Brisket is a cut of meat from the breast or lower chest of beef or veal. The beef brisket is one of the nine beef primal cuts, though the definition of the cut differs internationally. The brisket muscles include the superficial and deep pectorals. As cattle do not have collar bones, these muscles support about 60% of the body weight of standing or moving cattle. This requires a significant amount of connective tissue, so the resulting meat must be cooked correctly to tenderise it.
According to the Random House Dictionary of the English Language, Second Edition, the term derives from the Middle English brusket which comes from the earlier Old Norse brjósk, meaning cartilage. The cut overlies the sternum, ribs, and connecting costal cartilages.
Method of cooking
Brisket can be cooked many ways, including baking, boiling and roasting. Basting of the meat is often done during the cooking. This normally tough cut of meat, due to the collagen fibers that make up the significant connective tissue in the cut, is tenderised when the collagen gelatinises, resulting in more tender brisket. The fat cap, which is often left attached to the brisket, helps to keep the meat from drying during the prolonged cooking necessary to break down the connective tissue in the meat. Water is necessary for the conversion of collagen to gelatine, which is the hydrolysis product of collagen.
Popular methods in the United States include rubbing with a spice rub or marinating the meat, and then cooking slowly over indirect heat from charcoal or wood. This is a form of smoking the meat. A hardwood, such as oak, pecan, hickory or mesquite is sometimes added, alone or in combination with other hardwoods, to the main heat source. Sometimes, they make up all of the heat source, with chefs often prizing characteristics of certain woods. The smoke from the woods and from burnt dripping juices further enhances the flavor. The finished meat is a variety of barbecue. Smoked brisket done this way is popular in Texas barbecue. Once finished, pieces of brisket can be returned to the smoker to make burnt ends. Burnt ends are most popular in Kansas City-style barbecue, where they are traditionally served open-faced on white bread. The traditional New England boiled dinner features brisket as a main-course option.
In the United States, the whole boneless brisket, based on the Institutional Meat Purchase Specifications (IMPS), as promulgated by the United States Department of Agriculture (USDA), has the meat-cutting classification IMPS 120. The North American Meat Processors Association publishes a photographic version of IMPS called the Meat Buyer's Guide. The brisket muscles are sometimes separated for retail cutting: the lean "first cut" or "flat cut" is the deep pectoral, while the fattier "second cut", "point", "fat end", or "triangular cut" is the superficial pectoral. For food service use, they are IMPS 120A and 120B, respectively.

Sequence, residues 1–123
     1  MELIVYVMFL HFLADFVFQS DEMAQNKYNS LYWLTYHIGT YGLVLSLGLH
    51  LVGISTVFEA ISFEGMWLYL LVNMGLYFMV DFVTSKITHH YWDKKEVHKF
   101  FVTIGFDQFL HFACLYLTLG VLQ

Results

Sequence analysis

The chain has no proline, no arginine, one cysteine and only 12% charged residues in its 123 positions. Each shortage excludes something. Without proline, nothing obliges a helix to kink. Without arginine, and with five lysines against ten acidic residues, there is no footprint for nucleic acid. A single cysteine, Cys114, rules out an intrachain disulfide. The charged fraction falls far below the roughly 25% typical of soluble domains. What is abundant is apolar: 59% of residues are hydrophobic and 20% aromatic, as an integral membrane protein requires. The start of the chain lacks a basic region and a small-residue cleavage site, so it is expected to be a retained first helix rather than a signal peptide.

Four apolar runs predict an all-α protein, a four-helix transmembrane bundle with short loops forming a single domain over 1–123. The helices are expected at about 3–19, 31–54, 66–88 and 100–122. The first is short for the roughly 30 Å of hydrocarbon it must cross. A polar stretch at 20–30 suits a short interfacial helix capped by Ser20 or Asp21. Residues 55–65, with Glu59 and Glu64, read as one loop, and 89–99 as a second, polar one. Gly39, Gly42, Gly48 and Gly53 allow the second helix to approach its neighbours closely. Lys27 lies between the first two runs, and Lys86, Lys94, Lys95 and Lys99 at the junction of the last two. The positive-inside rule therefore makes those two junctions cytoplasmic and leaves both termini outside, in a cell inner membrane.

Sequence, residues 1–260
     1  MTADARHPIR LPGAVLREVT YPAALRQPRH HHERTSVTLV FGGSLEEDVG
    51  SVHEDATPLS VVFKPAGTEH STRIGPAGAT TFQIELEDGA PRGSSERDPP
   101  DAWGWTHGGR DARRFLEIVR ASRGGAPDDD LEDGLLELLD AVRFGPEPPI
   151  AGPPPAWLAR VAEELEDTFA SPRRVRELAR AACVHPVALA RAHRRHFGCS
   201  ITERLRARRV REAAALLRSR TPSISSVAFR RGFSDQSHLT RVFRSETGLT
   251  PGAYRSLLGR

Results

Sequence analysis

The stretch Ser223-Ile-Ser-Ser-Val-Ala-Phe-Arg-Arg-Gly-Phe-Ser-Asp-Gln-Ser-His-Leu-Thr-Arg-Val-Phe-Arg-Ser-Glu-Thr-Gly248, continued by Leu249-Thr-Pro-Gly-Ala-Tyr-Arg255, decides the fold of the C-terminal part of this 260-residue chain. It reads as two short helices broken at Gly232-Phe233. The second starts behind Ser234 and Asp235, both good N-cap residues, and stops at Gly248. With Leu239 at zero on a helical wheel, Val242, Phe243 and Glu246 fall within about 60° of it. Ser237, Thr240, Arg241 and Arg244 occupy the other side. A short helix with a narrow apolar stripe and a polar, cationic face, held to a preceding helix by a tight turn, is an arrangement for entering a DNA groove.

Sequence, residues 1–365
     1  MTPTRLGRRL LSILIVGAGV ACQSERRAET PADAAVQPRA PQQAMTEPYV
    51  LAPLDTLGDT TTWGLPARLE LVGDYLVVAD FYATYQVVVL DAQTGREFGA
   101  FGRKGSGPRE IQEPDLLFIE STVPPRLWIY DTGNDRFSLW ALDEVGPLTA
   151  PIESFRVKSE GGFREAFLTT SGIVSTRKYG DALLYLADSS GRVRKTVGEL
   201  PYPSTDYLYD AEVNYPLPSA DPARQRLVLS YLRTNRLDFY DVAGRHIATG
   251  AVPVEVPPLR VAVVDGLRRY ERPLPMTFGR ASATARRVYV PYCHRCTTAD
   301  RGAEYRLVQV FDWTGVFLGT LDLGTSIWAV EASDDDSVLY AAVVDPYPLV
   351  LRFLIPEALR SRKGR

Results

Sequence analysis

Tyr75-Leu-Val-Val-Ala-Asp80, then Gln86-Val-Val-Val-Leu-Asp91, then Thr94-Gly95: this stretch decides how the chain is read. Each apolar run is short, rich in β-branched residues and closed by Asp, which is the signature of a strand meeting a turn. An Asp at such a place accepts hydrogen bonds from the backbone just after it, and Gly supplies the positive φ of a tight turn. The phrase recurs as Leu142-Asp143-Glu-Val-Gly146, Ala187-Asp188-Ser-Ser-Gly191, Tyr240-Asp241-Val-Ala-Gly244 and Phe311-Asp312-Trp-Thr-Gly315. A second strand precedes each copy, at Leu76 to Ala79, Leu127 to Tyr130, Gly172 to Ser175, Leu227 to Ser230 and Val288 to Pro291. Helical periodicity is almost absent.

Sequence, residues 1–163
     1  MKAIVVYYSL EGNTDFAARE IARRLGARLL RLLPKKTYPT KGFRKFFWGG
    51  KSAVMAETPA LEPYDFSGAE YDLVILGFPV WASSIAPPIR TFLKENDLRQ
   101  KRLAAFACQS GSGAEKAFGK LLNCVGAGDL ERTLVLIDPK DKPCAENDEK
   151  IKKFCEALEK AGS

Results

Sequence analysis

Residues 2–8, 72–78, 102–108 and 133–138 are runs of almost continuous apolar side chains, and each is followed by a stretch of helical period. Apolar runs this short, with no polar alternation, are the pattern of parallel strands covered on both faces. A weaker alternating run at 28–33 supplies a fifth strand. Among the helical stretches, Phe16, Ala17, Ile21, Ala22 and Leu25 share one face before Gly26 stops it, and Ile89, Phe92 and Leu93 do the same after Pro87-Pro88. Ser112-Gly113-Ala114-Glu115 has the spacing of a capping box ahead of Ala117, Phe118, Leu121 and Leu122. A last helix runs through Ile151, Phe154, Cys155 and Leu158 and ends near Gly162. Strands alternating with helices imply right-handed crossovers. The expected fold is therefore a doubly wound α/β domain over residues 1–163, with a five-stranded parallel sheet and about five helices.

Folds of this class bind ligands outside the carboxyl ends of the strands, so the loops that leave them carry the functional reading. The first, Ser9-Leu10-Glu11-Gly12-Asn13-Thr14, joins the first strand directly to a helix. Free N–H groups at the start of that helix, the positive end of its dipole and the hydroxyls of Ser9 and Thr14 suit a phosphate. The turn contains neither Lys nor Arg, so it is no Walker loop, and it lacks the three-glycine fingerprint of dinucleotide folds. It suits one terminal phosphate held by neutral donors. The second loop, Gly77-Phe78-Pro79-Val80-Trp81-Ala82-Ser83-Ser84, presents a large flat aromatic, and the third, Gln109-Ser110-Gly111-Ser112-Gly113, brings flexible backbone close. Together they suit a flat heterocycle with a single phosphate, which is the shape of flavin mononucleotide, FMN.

In Britain, it is generally not smoked, but is one of a number of low-cost cuts normally boiled with root vegetables and mild spices or cooked very slowly in a lidded casserole dish with gravy. The dish, known as a pot roast in the United States, but more commonly as braised or stewed beef in Britain, is often accompanied by root and tuber vegetables - for example, boiled beef and carrots (as mentioned in the song of the same name) is a well-known dish emblematic of working class cockney culture. Good results may also be achieved in a slow cooker. Cooked brisket, being boneless, carves well after refrigeration, and is a versatile, cheaper cut.
In traditional Jewish cooking, brisket is most often braised as a pot roast, especially as a holiday main course, usually served at Rosh Hashanah, Passover, and on the Sabbath. For reasons of economics and kashrut, it was historically one of the more popular cuts of beef among Ashkenazi Jews. Brisket is also the most popular cut for corned beef, which can be further spiced and smoked to make pastrami. The Jewish community in Montreal also makes Montreal-style smoked meat, a close relative of pastrami, from brisket.
In Korean cuisine, traditionally it is first boiled at low temperature with aromatic vegetables, then pressed with a heavy object in a container full of a soy sauce-based marinade. The ensuing preserved meat is served in match-length strips as an accompaniment (banchan) to a meal. This is called jang jorim. Brisket is also the main ingredient in a spicy soup called yuk ke jang, part of the class of soups that are complete meals in Korean cuisine. Nowadays, it is also popular to cook thin slices of it quickly over a hot plate.
- "Meat Buyers Guide". Chefs-Resources.com. Retrieved 2011-06-08.
- "Brisket History". hopscotchbrickovenmi. May 10, 2018. Retrieved April 27, 2020.
- "Smoked Brisket Recipe - How To Smoke A Brisket". whatscookingamerica.net. Retrieved April 27, 2020.
- Rabinovitch, Lara (2009), "Montreal-Style Smoked Meat:An interview with Eiran Harris conducted by Lara Rabinovitch, with the co-operation of the Jewish Public Library Archives of Montreal", Cuizine: The Journal of Canadian Food Cultures / Cuizine: Revue des cultures culinaires au Canada, 1 (2)
- Christopher DeWolf; Izzy Ozawa; Tiffany Lam; Virginia Lau; Zoe Li (July 13, 2010). "40 Hong Kong foods we can't live without". cnngo.com. Archived from the original on November 5, 2012. Retrieved October 9, 2011.
- "Suea hong hai". tasteatlas.com. Retrieved April 27, 2020.
- Diana My Tran (2003). The Vietnamese Cookbook. Capital Lifestyles (illustrated ed.). Capital Books. pp. 53–54. ISBN 1-931868-38-7. Retrieved April 27, 2020.
- Moskin, Julia (August 19, 2014). "Brisket Is Worth the Wait". The New York Times. Retrieved March 17, 2015.
- Green, Aliza (2005). Field Guide to Meat. Philadelphia: Quirk Books. ISBN 1-931686-79-3.